SPOTLIGHT: “Does the Bible say there’s oil in Israel? Thousands are paying a Dallas company to find out” by Jeff Mosier: “Sefander Knotts is a believer and willing to back her conviction up with money. Although Knotts describes herself as broke, she finds enough spare money to invest in a Dallas company that’s never earned a dime in its 17-year search for oil in a country that produces almost no oil. With the Bible as its North Star, Zion Oil & Gas has spent more than $150 million of investors’ money on a “special task, in a special country” — Israel. Knotts became a backer of Zion after watching a promotional video on YouTube of its quest to find oil in the Holy Land. Through the years, thousands of believers like Knotts helped Zion with the millions of dollars it needed to keep drilling dry holes in the prophesied land. “I’m going to keep investing for as long as it takes,” said the 43-year-old Knotts, who splits time between a rental and RV in middle Tennessee with her husband.”[DallasNews]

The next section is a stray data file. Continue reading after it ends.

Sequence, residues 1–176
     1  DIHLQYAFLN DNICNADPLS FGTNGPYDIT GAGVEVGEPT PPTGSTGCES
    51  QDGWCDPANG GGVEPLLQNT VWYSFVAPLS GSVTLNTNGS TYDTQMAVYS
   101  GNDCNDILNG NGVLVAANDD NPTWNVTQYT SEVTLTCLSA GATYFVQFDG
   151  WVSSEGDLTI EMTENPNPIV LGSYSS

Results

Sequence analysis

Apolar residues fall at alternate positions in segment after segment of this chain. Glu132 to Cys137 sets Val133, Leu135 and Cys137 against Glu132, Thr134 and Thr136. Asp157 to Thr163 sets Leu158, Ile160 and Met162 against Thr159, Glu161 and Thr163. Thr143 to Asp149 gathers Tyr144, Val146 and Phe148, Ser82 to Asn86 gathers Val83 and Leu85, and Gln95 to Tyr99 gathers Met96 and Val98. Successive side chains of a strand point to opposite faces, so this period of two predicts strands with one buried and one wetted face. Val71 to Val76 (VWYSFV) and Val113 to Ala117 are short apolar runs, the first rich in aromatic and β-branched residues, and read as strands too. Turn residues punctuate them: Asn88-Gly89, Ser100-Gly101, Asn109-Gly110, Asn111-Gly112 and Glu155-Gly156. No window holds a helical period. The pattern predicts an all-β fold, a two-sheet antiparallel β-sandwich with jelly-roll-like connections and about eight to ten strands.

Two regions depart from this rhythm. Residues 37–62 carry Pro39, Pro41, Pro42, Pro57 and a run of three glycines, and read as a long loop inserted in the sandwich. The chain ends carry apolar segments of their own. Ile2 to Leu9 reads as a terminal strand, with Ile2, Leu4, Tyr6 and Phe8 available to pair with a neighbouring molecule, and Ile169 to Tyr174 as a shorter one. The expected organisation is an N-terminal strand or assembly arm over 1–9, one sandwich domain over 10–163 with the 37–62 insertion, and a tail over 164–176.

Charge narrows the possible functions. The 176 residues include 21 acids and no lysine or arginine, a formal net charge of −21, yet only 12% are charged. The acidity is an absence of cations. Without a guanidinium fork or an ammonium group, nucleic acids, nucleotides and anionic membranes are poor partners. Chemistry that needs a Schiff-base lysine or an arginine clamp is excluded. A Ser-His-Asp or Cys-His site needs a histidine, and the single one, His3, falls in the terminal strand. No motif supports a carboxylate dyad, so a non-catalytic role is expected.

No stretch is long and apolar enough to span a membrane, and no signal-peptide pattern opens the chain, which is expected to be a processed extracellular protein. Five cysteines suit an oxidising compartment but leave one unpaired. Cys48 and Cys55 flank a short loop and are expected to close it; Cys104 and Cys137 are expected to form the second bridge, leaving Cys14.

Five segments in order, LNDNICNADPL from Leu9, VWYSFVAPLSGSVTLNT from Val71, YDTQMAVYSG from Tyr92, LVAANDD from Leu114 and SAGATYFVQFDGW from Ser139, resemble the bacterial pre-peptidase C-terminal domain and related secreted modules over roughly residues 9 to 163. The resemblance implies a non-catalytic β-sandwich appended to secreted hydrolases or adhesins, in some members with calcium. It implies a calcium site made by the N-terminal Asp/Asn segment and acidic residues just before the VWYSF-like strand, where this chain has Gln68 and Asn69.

KAFE KNESSET — Bribery, fraud, and breach of trust — by Tal Shalev and JPost’s Lahav Harkov: These three suspected Netanyahu crimes, which were laid out black in white in an official Police memo yesterday, are going to hover over the political system for at least the next few weeks. The suspicions against Netanyahu were already the subject of widespread speculation by various analysts and commentators over the past year, but this is the first time that the Police have publicly and officially detailed the suspicions against the Prime Minister. The Police memo appeared as part of a request for a gag order which was signed today regarding details of negotiations with Ari Harow over a state witness agreement.